POLITICS
09/26/2018 04:07 pm ET

Historic Number Of LGBTQ Candidates Won Primaries In 2018 Midterms

Christine Hallquist could become the nation’s first openly transgender governor ― one of several barrier-breaking candidates this election cycle.
Vermont Democratic gubernatorial nominee Christine Hallquist
Hillary Swift via Getty Images
Vermont Democratic gubernatorial nominee Christine Hallquist

A record-breaking number of lesbian, gay, bisexual, transgender or queer candidates ran for office in 2018 ― and an unprecedented number won their primaries, according to a report from the LGBTQ Victory Fund.

There are 21 openly queer Democratic nominees for the U.S. Senate and House this election cycle ― a 24 percent increase compared to 2016, and 320 percent increase since 2010, per the group’s report released Thursday. And seven openly LGBTQ candidates ran for governor in 2018, with a historic high of four candidates receiving a major party nomination.

There were zero openly LGBTQ nominees from the Republican Party for Congress or governor in 2018, per the report. 

Some of these candidates have broken barriers with their primary wins alone ― such as Christine Hallquist, who won the Democratic primary in Vermont and became the nation’s first openly transgender candidate for governor backed by a national party. If the former CEO prevails in November, she will become the nation’s first openly transgender governor.

This historic number of LGBTQ nominees join (and are part of) a wave of women and people of color running and winning in the 2018 elections so far, promising to shake up the makeup of the nation’s overwhelmingly white and male governors and members of Congress if they prevail in November.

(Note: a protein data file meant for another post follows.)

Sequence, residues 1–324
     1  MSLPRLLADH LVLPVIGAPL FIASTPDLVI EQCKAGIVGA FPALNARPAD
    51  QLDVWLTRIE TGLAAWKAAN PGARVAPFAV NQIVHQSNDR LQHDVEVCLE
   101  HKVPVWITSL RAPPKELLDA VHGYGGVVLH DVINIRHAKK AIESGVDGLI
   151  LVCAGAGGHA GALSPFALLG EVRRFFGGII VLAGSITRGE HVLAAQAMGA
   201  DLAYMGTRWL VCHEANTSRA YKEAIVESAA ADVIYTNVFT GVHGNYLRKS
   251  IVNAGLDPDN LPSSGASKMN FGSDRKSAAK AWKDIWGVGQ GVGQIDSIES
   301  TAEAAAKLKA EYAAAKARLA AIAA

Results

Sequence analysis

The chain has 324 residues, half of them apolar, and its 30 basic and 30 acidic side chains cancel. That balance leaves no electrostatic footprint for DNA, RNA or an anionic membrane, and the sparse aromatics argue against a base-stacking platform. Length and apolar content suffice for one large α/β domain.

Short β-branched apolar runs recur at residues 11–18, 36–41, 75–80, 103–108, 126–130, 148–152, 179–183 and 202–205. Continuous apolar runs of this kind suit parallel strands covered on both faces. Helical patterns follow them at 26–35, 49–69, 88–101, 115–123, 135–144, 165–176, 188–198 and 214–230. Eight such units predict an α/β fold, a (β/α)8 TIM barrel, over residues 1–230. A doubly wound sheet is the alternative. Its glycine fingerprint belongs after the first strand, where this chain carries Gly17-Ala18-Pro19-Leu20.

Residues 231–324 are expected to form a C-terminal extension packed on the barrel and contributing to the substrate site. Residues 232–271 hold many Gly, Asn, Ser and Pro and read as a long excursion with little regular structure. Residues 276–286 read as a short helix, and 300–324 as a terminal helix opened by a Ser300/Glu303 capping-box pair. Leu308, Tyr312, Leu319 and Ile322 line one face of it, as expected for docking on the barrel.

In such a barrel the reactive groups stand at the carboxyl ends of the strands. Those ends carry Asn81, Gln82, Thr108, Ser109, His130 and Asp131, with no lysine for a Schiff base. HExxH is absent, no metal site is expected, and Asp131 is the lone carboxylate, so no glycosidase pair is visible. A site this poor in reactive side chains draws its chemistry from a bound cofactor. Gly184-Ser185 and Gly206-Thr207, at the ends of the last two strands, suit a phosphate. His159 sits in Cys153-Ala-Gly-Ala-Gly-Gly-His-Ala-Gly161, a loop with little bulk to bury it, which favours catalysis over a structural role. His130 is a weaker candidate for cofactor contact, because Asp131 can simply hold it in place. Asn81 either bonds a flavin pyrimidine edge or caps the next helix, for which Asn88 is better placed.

There were more than 430 openly LGBTQ people who ran for office at every level of government in 2018, according to the report. After the primaries, at least 244 were still in the running.

If elected, they would join Sen. Tammy Baldwin (D-Wis.) ― the only openly LGBTQ person ever elected to the U.S. Senate ― as well as six openly queer members currently in the House. Oregon’s Gov. Kate Brown (D), who identifies as bisexual, is the only openly LGBTQ person ever elected governor.

A handful of the LGBTQ nominees this cycle could make America’s history books with their wins: Former Dallas County Sheriff Lupe Valdez in Texas would be the nation’s first openly lesbian governor. Rep. Jared Polis in Colorado is vying to become the nation’s first openly gay man to be elected governor.

Gina Ortiz Jones in Texas would break records for the state as the first openly lesbian Iraq War veteran and Filipina to represent the historically red state in the U.S. House. And former state legislator Chris Pappas hopes to be New Hampshire’s first openly gay member of Congress.

“The rainbow wave of LGBTQ candidates running for office marks an evolution in American politics,” LGBTQ Victory Fund president Annise Parker told HuffPost by email. Parker is the former mayor of Houston, and first openly LGBTQ person elected mayor of a major U.S. city.

“LGBTQ people are running like never before because we are tired of the relentless attacks on our equality from this White House and state legislatures across the nation,” she added.

President Donald Trump has pushed for a ban on transgender members of the military. He also did not acknowledge LGBTQ Pride month two years in a row. Last year, his administration terminated all members of the Presidential Advisory Council on HIV/AIDS, and rescinded Obama-era guidance protecting transgender students from discrimination by schools.

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